I will be a collegiate ministry strategist for the Seattle metro area, focusing on the UW campus. The local association of churches in my stream at some point in the past was given a large building right on Greek row adjacent to the campus, with 23 rentable rooms, meeting space, and a full commercial kitchen. The building was given for the specific purpose of collegiate ministry. Interns come to be a part of the ministry, and there is currently a new church start that uses the building for gatherings.

So, college ministry will be a big part of what I do. However, I’m not very interested in doing college ministry the way it’s come to be known. I won’t fire off blasts at other campus ministry orgs, in part because I think they do some good stuff. I just think they’ve developed some systems and approaches (styles of evangelism in particular) that are broken. It’s my intention to get to know those people, pray for them, and be an encouragement . . . even while we set out to do something different.

One of the visions for this position that was described to me before I accepted it, is for us to develop a school of sorts within our building – a training and sending place for missional people of all varieties. Some will be future church planters, missionaries, and pastors, but my dream is for most of our “student” to be future accountants, travel agents, baristas, stay at home moms/dads, etc. In other words, normal folk with an intentionally missional framework. What the school will become is what I get to dream about and hopefully develop.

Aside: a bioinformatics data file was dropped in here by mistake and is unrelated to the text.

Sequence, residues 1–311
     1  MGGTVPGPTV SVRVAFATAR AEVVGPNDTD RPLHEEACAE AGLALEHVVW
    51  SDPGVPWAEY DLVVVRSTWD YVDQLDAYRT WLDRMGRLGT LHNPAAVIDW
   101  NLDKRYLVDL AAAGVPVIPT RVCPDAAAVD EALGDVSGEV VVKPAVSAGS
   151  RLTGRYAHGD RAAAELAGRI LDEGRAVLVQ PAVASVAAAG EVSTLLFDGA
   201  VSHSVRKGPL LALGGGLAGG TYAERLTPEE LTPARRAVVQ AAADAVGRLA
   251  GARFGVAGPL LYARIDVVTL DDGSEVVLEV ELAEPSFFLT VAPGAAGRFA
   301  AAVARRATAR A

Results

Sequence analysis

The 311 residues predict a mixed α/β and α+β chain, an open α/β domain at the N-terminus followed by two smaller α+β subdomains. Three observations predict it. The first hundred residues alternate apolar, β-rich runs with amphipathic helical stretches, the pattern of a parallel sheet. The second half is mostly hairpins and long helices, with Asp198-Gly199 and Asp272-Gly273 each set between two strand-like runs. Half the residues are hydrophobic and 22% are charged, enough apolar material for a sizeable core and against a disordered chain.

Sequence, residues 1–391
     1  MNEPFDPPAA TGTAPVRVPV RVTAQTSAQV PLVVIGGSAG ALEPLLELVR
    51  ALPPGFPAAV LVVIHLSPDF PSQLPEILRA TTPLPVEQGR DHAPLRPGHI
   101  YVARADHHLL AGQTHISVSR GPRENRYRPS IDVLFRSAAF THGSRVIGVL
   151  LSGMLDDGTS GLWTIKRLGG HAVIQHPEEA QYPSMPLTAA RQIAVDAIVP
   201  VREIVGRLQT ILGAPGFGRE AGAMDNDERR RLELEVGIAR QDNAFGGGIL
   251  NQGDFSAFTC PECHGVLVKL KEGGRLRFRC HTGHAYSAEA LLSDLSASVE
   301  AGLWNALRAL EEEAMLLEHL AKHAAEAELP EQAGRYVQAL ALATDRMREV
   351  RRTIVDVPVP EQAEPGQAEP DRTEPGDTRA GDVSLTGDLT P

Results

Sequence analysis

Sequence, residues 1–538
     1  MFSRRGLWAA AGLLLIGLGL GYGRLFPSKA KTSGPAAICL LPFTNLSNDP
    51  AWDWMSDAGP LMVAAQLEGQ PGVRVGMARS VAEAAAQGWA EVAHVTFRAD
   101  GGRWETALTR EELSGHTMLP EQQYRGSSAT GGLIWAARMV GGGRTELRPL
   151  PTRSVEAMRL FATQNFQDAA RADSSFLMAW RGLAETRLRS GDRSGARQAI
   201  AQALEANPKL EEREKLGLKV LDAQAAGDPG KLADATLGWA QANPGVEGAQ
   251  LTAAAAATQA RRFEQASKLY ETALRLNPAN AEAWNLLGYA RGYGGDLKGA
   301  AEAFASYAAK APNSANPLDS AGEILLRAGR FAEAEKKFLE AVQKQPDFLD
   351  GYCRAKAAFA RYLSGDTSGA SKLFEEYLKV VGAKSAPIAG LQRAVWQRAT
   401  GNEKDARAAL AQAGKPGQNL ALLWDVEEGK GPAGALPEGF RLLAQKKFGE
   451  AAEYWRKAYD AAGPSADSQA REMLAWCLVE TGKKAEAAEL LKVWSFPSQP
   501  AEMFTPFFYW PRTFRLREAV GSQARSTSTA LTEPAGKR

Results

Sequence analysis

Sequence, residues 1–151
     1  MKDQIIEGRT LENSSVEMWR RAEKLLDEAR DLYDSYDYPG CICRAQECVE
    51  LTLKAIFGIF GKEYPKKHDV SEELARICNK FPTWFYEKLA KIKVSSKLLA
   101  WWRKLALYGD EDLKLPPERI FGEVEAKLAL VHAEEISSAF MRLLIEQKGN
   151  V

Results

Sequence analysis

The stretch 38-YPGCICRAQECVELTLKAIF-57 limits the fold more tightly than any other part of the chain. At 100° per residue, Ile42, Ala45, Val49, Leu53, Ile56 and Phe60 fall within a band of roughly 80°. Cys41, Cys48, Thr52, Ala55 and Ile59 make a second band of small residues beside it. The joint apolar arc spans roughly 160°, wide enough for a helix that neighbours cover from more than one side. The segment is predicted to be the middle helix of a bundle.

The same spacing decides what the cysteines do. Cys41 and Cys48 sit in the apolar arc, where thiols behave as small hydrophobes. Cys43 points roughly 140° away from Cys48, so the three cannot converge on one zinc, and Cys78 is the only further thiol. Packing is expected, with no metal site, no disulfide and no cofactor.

If this job were all about developing another nice campus Christian club where timid young believers go to hide out from the scary secular campus ideology, I would have walked away from the offer. Thankfully, there is more to it. I’m very hopeful and at times jump out of my skin with excitement. But it’s scary too. There’s no template in front of me, and there’s a heckuva lot of work ahead to make it happen.

For now, I’ve got some administrative things to do to make sure that the dream can be a financially sustainable possibility. But in the near future, I want to assemble (physically or electronically) a team of dreamers that will help develop some ideas and motives for what we do. If you’d like to jump into the idea pool, send me an e-mail and I’ll be in touch.

July 19, 2005, 5:34 am
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Man, it’s been hard to focus lately. Too many details have me going in too many directions right now, and it makes me want to just go back to bed and do nothing. Changes in jobs, changes in school plans, getting ready for a trip to SoCal (and supposedly getting ready to officiate a wedding there). My mind wanders quite freely at times. Example: I’m in a hurry to get ready for work in the morning, and then I find myself standing in our tiny master bathroom staring at what I’m convinced is the second ugliest shower curtain in the world, just thinking, “I really need to take that thing down.”